One of the most interesting sessions at CECP’s recent Summit was the session on Purpose and Performance delivered by Rebecca Henderson who teaches a class called “Reimagining Capitalism: Business & the Big Problems” at the Harvard Business School among her many other credentials.
She talked about the concept of purpose: a widely shared goal among the organization which is tied to a pro social goal beyond profit maximization; and the research she has done to uncover the relationship between purpose and performance.
A few reflections include:
Adoption of purpose does not reduce performance/profit and can increase performance/profit under some circumstances. Some of these circumstances include:
- Purpose needs to be authentically embodied, resourced and invested in upfront, for it to reap returns in the long-run. It takes time for these dividends to show returns and leadership has to be willing to spend resources on it to cultivate its benefits.
- Purpose alone is not enough and does not replace the need for strategic clarity by leadership. It needs to be helpful to the organization’s broader mission rather than purpose for its own sake, for it to be successful. For it to be infused in the decision making of management at all levels will require an orientation of how it can serve their goals.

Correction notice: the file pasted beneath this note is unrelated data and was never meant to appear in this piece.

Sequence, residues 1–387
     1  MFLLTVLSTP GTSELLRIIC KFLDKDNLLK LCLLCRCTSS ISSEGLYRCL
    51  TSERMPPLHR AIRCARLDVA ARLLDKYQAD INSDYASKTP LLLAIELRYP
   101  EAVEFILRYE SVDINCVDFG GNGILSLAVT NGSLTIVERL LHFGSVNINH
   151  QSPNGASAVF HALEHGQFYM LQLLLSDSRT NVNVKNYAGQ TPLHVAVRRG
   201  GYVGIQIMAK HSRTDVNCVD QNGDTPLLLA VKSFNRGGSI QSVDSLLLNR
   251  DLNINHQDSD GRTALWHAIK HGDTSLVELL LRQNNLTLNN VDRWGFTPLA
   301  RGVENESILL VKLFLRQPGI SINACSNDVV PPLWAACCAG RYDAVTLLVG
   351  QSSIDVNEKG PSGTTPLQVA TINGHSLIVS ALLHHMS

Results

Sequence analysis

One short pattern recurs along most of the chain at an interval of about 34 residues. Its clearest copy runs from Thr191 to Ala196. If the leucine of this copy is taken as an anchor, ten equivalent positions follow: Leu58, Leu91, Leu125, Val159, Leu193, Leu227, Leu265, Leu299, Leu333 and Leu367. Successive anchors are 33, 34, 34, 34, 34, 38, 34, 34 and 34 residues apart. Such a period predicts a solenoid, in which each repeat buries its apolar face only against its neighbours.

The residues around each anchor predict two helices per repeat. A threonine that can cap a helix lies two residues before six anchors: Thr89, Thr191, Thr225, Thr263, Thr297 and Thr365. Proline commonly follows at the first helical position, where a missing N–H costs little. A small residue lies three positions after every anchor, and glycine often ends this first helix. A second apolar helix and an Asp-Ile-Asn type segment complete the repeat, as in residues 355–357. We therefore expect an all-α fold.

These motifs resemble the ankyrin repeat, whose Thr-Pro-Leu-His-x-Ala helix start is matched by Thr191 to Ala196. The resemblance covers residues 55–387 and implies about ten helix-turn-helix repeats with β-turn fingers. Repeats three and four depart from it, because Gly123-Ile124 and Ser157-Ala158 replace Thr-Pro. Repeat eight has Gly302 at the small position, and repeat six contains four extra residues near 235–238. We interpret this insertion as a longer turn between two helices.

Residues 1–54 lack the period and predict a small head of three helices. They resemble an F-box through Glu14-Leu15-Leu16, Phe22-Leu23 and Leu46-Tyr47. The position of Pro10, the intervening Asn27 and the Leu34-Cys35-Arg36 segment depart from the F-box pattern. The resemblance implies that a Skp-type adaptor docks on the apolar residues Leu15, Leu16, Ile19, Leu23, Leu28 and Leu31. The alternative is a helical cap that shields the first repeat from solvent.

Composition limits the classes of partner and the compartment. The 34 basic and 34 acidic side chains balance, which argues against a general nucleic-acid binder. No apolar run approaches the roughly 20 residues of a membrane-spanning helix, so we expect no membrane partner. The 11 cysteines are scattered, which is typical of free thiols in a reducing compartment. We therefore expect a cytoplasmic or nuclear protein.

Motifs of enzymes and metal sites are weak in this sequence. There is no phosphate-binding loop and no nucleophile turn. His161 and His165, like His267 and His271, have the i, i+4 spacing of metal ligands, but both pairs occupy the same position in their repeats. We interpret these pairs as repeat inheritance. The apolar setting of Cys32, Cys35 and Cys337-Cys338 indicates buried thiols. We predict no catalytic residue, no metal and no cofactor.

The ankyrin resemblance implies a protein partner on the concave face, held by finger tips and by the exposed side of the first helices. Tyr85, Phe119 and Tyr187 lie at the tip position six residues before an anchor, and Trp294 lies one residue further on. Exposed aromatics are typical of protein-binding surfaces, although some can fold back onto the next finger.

It all starts with how willing leadership is to embody purpose in its goals/mission/business strategy and to resource the hard work and change management process that goes with it. When authentically embodied in the organization, purpose can increase performance as it builds on the intrinsic versus extrinsic motivation of employees, linking their individual purpose to organizational mission and goals, and ultimately contributing to the development of high-trust cultures with dense social relationships which are more collaborative in nature.